In Study 1, 15.1% of patients receiving bolus-IFL plus AVASTIN and 13.6% of patients receiving bolus-IFL plus placebo experienced a Grade 3-4 venous thromboembolic event. The incidence of the following Grade 3 and 4 venous thromboembolic events was higher in patients receiving bolus-IFL plus AVASTIN as compared to patients receiving bolus-IFL plus placebo: deep venous thrombosis (34 vs. 19 patients) and intra-abdominal venous thrombosis (10 vs. 5 patients). The incidence of pulmonary embolism was higher in patients receiving bolus-IFL plus placebo (16 vs. 20 patients).
In Study 1, 53 of 392 (14%) patients who received bolus-IFL plus AVASTIN and 30 of 396 (8%) patients who received bolus-IFL plus placebo had a thromboembolic event and received full-dose warfarin. Two patients in each treatment arm (four total) developed bleeding complications. In the two patients treated with full-dose warfarin and AVASTIN, these events were associated with marked elevations in their INR. Eleven of 53 (21%) patients receiving bolus-IFL plus AVASTIN and one of 30 (3%) patients receiving bolus-IFL developed an additional thromboembolic event.
Other Serious Adverse Events
The following other serious adverse events are considered unusual in cancer patients receiving cytotoxic chemotherapy and occurred in at least one subject treated with AVASTIN in clinical studies.
Body as a Whole: polyserositis
Digestive: intestinal obstruction, intestinal necrosis, mesenteric venous occlusion, anastomotic ulceration
Hemic and lymphatic: pancytopenia
Metabolic and nutritional disorders: hyponatremia.
Urogenital: ureteral stricture
The maximum tolerated dose of AVASTIN has not been determined. The highest dose tested in humans (20 mg/kg IV) was associated with headache in nine of 16 patients and with severe headache in three of 16 patients.
DOSAGE AND ADMINISTRATION
The recommended dose of AVASTIN is 5 mg/kg given once every 14 days as an IV infusion until disease progression is detected.
AVASTIN therapy should not be initiated for at least 28 days following major surgery. The surgical incision should be fully healed prior to initiation of AVASTIN.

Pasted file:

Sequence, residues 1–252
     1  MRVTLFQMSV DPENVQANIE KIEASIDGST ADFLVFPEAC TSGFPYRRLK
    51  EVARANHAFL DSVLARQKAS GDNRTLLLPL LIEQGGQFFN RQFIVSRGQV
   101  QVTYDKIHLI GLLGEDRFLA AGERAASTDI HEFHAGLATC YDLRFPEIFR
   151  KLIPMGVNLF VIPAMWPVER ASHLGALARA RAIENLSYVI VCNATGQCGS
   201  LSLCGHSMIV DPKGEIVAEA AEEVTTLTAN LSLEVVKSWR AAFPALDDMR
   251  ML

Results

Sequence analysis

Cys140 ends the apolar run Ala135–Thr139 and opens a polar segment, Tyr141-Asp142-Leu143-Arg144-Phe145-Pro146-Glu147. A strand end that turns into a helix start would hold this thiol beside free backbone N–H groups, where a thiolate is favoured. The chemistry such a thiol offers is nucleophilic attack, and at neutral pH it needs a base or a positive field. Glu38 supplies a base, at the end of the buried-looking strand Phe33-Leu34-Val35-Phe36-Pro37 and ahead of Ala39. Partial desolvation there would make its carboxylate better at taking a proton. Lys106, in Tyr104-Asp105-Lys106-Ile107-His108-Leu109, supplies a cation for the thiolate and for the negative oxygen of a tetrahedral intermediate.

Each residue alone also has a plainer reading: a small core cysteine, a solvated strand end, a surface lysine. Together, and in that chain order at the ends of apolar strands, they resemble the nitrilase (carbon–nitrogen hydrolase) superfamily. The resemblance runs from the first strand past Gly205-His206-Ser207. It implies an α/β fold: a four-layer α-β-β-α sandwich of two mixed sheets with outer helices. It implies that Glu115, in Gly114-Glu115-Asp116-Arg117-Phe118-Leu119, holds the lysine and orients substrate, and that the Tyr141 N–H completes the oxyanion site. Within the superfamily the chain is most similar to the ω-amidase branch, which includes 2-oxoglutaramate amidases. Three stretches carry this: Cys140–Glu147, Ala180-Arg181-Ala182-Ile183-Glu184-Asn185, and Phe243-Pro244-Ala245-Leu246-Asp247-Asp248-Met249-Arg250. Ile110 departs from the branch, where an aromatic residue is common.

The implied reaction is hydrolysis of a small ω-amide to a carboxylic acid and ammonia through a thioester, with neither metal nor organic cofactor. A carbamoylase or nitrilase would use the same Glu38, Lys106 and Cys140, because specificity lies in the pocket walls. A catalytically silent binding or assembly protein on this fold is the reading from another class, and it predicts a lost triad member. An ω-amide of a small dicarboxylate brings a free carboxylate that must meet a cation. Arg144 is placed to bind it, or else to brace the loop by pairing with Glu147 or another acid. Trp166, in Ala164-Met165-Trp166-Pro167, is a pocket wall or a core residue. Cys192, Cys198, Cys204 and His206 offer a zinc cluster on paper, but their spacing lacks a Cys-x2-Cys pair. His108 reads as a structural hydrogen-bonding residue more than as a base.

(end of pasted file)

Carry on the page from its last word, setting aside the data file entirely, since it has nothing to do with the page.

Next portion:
There are no recommended dose reductions for the use of AVASTIN. If needed, AVASTIN should be either discontinued or temporarily suspended as described below.
AVASTIN should be permanently discontinued in patients who develop gastrointestinal perforation, wound dehiscence requiring medical intervention, serious bleeding, a severe arterial thromboembolic event, nephrotic syndrome, or hypertensive crisis.
Temporary suspension of AVASTIN is recommended in patients with evidence of moderate to severe proteinuria pending further evaluation and in patients with severe hypertension that is not controlled with medical management. The risk of continuation or temporary suspension of AVASTIN in patients with moderate to severe proteinuria is unknown.
AVASTIN should be suspended at least several weeks prior to elective surgery. (See WARNINGS : Gastrointestinal Perforation/Wound Healing Complications and PRECAUTIONS : Surgery ). AVASTIN should not be resumed until the surgical incision is fully healed.
Preparation for Administration
AVASTIN should be diluted for infusion by a healthcare professional using aseptic technique. Withdraw the necessary amount of AVASTIN for a dose of 5 mg/kg and dilute in a total volume of 100 mL of 0.9% Sodium Chloride Injection, USP. Discard any unused portion left in a vial, as the product contains no preservatives. Parenteral drug products should be inspected visually for particulate matter and discoloration prior to administration.
Diluted AVASTIN solutions for infusion may be stored at 2-8°C (36-46°F) for up to 8 hours. No incompatibilities between AVASTIN and polyvinylchloride or polyolefin bags have been observed.
AVASTIN infusions should not be administered or mixed with dextrose solutions.
DO NOT ADMINISTER AS AN IV PUSH OR BOLUS. The initial AVASTIN dose should be delivered over 90 minutes as an IV infusion following chemotherapy. If the first infusion is well tolerated, the second infusion may be administered over 60 minutes. If the 60-minute infusion is well tolerated, all subsequent infusions may be administered over 30 minutes.
Stability and Storage
AVASTIN vials must be refrigerated at 2-8°C (36-46°F). AVASTIN vials should be protected from light. Store in the original carton until time of use. DO NOT FREEZE. DO NOT SHAKE.
AVASTIN is supplied as 4 mL and 16 mL of a sterile solution in single-use glass vials to deliver 100 and 400 mg of Bevacizumab per vial, respectively.
Single unit 100 mg carton: Contains one 4 mL vial of AVASTIN (25 mg/mL). NDC 50242-060-01
Single unit 400 mg carton: Contains one 16 mL vial of AVASTIN (25 mg/mL). NDC 50242-061-01